Agribalyse 3.0 is a database operated by Ademe that integrates environmental data on agricultural products and consumption. These data are indicators of their effects on the environment from the field to the plate (climate, water, air, soil, etc.). They include the stages of production of agricultural raw materials, food processing, packaging and logistics, storage, transportation and distribution, and consumer use. It is likely that this database will be used for environmental labeling of products for human consumption, although specific methods have not yet been fully decided. Therefore, it is important for the pork industry to understand the data there.
More expensive, dry and cooked products have a greater effect
Among the different categories of food products, animal products show a greater impact per kilogram of product, especially when compared to plant products. This comes from the fact that animals themselves eat plant products for food. Within pork products, a more detailed view of sub-groups makes it possible to better understand internal variation.
By considering climate change as a tracer, we see that the products that emit the most greenhouse gases are dry-cured hams and cooked or raw meat. The lowest emitters are cooked hams and charcuterie products with sausages, sausages, pâtés and rillettes. The effect will mainly depend on the economic value of the cuts: when pork is cut, cuts of greater economic value will offset more of the impact from upstream pork production than cuts of less low cost. In fact, the distribution of effects is based on a method of economic allocation.
This applies especially to the slaughter stage by distributing the effects of the incoming live pig between the various outgoing co-products. The effect will also depend on the product processing steps. In the case of a dry ham, drying leads to a reduction in mass. The effects are “concentrated” in less material, leading to more environmental impact per kilogram of product. This result is related to the fact that the functional unit used is the total kilogram of the product sold. The lower impact of charcuterie products is mainly due to the fact that cheaper inputs are used, such as fat for example.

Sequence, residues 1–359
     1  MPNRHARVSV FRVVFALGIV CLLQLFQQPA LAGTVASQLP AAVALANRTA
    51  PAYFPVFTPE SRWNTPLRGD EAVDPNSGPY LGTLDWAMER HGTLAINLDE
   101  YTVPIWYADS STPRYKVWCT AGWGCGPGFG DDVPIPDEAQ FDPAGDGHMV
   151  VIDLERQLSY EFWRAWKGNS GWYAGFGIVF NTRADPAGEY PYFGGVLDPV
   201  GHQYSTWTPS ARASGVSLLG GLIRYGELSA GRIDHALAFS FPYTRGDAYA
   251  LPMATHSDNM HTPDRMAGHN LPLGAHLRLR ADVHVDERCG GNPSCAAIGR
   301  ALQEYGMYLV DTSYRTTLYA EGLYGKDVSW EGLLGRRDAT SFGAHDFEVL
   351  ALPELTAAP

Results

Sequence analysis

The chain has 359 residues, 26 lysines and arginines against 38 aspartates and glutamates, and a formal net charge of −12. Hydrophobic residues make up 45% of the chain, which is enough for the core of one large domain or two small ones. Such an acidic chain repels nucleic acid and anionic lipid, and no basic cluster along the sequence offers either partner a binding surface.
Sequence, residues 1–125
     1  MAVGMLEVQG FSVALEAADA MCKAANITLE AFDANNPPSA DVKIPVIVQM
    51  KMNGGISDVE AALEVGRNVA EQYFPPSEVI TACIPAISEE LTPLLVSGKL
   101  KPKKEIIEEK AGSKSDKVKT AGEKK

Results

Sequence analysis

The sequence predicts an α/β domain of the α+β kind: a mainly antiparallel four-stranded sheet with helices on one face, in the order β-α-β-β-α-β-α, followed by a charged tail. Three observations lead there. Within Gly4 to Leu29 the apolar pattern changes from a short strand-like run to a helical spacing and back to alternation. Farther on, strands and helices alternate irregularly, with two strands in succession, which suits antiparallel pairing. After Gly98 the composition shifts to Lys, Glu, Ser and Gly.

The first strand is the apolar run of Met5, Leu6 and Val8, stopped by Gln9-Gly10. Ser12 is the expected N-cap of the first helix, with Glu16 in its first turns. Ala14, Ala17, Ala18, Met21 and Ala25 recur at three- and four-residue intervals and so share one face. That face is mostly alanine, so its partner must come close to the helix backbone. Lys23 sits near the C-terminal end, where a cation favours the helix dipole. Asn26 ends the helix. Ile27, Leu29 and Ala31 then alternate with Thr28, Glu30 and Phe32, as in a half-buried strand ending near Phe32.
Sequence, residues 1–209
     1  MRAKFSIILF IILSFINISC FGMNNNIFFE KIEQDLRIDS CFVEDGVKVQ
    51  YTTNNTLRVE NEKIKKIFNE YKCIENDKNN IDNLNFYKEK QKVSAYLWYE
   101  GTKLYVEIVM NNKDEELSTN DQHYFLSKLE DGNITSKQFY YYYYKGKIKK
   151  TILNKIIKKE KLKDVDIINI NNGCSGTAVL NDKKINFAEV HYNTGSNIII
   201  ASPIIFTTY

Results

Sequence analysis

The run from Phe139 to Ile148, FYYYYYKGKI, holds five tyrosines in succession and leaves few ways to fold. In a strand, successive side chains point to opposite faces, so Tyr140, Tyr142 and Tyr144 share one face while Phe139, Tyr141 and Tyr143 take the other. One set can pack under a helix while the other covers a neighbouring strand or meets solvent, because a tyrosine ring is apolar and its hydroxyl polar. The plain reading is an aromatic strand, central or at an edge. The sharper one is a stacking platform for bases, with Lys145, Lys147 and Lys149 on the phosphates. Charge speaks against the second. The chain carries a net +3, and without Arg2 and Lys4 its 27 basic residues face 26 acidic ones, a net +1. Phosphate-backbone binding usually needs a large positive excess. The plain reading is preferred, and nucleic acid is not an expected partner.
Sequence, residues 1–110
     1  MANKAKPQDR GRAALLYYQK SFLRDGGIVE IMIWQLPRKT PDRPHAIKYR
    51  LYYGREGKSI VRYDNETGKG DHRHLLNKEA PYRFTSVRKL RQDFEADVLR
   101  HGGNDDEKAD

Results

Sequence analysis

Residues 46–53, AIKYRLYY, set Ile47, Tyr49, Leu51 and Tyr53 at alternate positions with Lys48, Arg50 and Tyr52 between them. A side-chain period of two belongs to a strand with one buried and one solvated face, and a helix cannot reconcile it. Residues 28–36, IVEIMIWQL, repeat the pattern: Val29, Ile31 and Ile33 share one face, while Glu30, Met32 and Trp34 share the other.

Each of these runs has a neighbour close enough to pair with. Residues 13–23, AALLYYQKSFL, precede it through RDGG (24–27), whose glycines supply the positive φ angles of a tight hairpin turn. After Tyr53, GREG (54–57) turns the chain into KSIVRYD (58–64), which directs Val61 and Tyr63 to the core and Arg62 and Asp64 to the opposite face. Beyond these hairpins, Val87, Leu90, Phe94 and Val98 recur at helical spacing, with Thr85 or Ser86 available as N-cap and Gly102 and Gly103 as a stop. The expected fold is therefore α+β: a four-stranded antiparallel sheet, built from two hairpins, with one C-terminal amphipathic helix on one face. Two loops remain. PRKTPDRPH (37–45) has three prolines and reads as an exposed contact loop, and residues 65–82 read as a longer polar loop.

Finally, for meats, a cooked product will have more of an effect than a raw product. But this distinction is somewhat artificial because the cooking step takes place later at the consumer.
The raw material weighs 80% of the effects
A detailed analysis of the contribution of the different production stages for two pork products (pork chop and cooked ham) shows that the agricultural stage up to the farm gate is the most strategic: it explains 80% and more of the impact on climate change, acidification, eutrophication and land use, and 75% of water consumption.
However, the impact on fossil energy consumption shows a major role of the stages of slaughter, cutting and processing. The effects of the pig butcher at the farm gate are determined by two main stages: the production of animal feeds and the management of animals and their effluents with their direct emissions occurring on the farm. Direct emissions of greenhouse gases (methane and nitrous oxide) contribute to climate change with a significant contribution from methane. Ammonia emissions from effluents contribute to the effects of acidification and eutrophication. The direct consumption of animal resources (water and energy) explains between 25% and 30% of the corresponding impacts on water and fossil fuel consumption. Agribalyse data is and will be widely used in the context of demonstration and eco-design. Understanding them and allocating them are therefore key assets for being a player in progress and making the environment a factor of competitiveness.
Effect calculation method
Impacts are calculated per kilogram of raw products for various environmental criteria, the most prominent of which are climate change, fossil fuel consumption, acidification, and land use. A score combines these different effects. It puts a lot of weight on climate change because of the huge damage associated with this effect. Work is underway to refine the assessment and in particular better take into account the impact on biodiversity.